Payment Strategy Consideration Factors
Developing an effective pay strategy is critical to attracting and retaining good employees. The more employees feel that they are being compensated fairly and equitably for the work they do, the more likely they will want to stay working with you.
Here are 7 key considerations when determining your company’s pay strategy:
1. External Equity – how the company pays in relation to the external market
- Ensure that you have a job description which details the responsibilities and qualifications required for the position.
- Determine the fair market value for the position by matching the job description to other positions out in the market. We recommend using reputable salary surveys for market data, rather than free online sources.
- Determine where you want to pay in comparison to the market (e.g. at market value, above market value, below market value).
2. Internal Equity – how positions within the company are paid in comparison to one another
- Ensure that positions of a similar level of responsibility, or that contribute similar value to the success of the company, are paid comparably.
- While two people in the same or similar level of position do not need to be paid identically, they should be within a similar pay range.
- You should be able to justify why one person is paid more or less than another based on considerations such as: education, experience, job performance, goal achievement, longevity with the company, and other notable factors.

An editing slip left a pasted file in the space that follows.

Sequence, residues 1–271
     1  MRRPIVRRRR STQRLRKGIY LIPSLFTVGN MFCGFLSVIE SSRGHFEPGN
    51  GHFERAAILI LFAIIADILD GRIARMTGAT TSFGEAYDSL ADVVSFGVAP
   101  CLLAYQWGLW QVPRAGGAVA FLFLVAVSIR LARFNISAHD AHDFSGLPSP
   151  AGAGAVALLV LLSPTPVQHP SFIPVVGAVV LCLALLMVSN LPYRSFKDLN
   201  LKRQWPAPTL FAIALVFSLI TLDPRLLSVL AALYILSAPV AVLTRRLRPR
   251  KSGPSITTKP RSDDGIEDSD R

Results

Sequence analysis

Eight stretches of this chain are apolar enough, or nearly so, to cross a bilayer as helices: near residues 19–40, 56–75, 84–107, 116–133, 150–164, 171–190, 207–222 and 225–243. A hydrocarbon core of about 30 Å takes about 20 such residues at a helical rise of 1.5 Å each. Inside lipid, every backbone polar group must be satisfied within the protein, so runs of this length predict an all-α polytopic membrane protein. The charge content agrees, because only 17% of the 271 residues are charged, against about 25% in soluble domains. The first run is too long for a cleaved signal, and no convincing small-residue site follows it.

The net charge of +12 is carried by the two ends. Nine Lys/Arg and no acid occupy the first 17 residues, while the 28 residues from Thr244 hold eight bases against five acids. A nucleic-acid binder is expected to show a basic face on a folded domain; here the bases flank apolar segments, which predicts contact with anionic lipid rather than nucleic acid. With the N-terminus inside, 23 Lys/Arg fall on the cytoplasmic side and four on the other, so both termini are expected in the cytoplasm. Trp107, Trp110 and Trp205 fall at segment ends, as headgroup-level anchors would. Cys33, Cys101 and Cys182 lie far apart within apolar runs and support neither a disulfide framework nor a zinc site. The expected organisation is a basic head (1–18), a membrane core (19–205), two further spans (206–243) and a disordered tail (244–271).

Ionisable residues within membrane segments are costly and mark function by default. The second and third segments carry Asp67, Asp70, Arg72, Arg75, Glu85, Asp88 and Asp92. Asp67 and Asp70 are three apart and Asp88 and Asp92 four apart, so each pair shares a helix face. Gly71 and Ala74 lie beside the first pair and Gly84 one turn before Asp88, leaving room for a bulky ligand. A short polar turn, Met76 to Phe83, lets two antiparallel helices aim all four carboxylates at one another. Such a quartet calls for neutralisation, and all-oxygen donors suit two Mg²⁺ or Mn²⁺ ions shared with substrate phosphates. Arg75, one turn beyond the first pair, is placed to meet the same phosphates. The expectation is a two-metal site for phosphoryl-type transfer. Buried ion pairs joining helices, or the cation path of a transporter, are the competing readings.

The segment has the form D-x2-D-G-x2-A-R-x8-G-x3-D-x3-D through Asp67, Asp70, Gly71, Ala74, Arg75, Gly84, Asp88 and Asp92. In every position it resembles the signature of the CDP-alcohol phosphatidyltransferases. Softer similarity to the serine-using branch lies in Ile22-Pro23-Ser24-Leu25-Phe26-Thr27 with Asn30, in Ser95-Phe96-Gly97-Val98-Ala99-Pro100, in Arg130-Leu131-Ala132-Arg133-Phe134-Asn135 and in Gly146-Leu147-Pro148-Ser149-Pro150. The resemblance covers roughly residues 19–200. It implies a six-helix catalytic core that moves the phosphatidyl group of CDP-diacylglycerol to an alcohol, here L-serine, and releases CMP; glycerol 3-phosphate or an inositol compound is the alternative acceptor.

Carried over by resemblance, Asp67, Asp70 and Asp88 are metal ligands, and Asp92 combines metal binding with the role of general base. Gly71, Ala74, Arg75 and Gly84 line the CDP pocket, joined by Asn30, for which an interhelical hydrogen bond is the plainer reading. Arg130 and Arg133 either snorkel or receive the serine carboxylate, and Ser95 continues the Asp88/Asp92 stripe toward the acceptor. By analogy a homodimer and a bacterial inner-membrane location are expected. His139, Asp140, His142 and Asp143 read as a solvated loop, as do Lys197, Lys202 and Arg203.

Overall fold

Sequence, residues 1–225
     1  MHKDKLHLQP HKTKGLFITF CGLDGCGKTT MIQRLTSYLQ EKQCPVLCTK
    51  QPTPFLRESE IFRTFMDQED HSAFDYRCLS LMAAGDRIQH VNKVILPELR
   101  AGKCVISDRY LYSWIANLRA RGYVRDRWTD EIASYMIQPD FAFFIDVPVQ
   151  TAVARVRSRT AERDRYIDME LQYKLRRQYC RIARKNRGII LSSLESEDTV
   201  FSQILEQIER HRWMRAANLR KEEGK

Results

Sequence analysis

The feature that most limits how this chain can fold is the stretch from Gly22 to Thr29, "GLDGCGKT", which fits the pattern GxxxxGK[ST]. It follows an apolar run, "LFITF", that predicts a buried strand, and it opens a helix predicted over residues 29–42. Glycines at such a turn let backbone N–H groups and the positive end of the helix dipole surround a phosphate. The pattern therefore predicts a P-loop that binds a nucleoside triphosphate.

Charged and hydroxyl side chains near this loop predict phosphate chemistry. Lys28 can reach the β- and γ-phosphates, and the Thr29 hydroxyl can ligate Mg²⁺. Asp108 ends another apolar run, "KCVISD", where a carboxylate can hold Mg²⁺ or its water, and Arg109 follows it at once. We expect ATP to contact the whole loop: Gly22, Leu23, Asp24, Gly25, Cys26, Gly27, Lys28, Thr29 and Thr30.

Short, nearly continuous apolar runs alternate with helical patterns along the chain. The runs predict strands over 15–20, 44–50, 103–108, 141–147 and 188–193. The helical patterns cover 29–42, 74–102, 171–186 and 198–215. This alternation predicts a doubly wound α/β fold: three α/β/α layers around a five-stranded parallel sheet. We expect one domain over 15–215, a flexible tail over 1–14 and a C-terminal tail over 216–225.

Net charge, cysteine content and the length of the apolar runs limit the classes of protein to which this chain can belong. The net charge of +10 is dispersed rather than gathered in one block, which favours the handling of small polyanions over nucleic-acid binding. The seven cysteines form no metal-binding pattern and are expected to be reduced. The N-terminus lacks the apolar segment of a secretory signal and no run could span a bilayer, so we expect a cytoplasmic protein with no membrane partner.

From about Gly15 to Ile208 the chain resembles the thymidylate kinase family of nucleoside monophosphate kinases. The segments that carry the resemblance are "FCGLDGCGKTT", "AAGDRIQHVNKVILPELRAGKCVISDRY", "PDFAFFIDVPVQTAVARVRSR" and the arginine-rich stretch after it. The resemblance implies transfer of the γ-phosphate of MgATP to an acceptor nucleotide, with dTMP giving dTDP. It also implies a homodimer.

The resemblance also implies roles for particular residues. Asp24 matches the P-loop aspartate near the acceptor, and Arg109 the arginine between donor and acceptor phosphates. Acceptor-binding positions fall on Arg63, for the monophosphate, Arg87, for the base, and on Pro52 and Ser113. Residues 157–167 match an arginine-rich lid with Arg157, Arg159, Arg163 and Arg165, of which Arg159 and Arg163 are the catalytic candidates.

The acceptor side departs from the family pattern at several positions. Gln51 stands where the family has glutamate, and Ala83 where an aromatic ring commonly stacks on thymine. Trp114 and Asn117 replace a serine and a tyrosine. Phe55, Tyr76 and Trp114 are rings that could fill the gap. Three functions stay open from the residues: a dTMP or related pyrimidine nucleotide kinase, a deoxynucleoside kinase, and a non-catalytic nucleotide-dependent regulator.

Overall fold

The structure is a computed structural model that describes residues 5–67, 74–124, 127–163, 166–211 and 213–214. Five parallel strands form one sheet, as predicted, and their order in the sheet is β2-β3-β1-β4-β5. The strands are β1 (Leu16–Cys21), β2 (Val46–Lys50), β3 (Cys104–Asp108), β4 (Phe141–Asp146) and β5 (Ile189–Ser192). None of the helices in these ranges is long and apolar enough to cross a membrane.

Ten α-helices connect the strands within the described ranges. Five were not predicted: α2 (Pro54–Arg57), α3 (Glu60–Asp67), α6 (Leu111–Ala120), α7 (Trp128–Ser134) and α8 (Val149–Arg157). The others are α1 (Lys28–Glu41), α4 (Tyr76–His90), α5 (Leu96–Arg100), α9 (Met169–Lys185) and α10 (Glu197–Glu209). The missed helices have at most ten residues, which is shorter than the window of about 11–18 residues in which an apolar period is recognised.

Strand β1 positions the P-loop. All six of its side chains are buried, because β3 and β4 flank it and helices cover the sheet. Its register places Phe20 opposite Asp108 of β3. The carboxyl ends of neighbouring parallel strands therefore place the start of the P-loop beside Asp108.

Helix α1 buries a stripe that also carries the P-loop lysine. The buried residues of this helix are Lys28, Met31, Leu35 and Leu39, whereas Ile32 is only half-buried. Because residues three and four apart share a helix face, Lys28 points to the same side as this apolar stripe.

- Be mindful that if the internal equity is off balance, this can affect employee morale, satisfaction and productivity.
3. Payroll Budget
- Determine your overall payroll budget.
- Ensure that you always meet your payroll obligations and pay employees when you say you will.
- Budget for other payroll costs such as statutory obligations (e.g. contributions to Employment Insurance, Canada Pension Plan, workers compensation, statutory holidays, vacation pay) as well as the cost of any benefits or incentives that you will provide.
4. Variable pay
- Determine any variable pay for which employees will be eligible.
- Variable pay includes payments, in addition to the employee’s base pay, such as bonuses, gain-sharing, profit-sharing or commissions, where the payment received is based on performance factors.
- Determine the amount that each position/employee will be eligible for.
- Determine performance levels that the company/employees need to achieve to receive variable pay.
5. Long-term Incentives
- Determine if there are any long-term incentives that you are willing to tie into positions in the company, such as: stock options, employee share ownership or long-term cash incentives.
- Determine how you are going to measure employee performance in order to receive these incentives.
- Determine whether you will be offering benefits as part of your overall pay strategy.
- Determine the types of benefits for which employees can be eligible (e.g. medical coverage, extended health insurance, dental insurance, life insurance, disability insurance, health spending account, etc.).
7. Rewards and Recognition
- Determine additional ways to recognize and reward employees in order to enhance your pay strategy.
Paying fairly is the first requirement for an effective pay strategy. It is important to ensure that all components of pay (including base pay, salary increases, and bonus or incentive compensation) are well thought-out, easy to explain, and are considered fair, in comparison to both the external market and internally within your company.
For assistance in creating an effective pay strategy for your Vancouver-based small- to medium-sized business, please contact Clear HR Consulting.
Copyright Clear HR Consulting Inc. All rights reserved.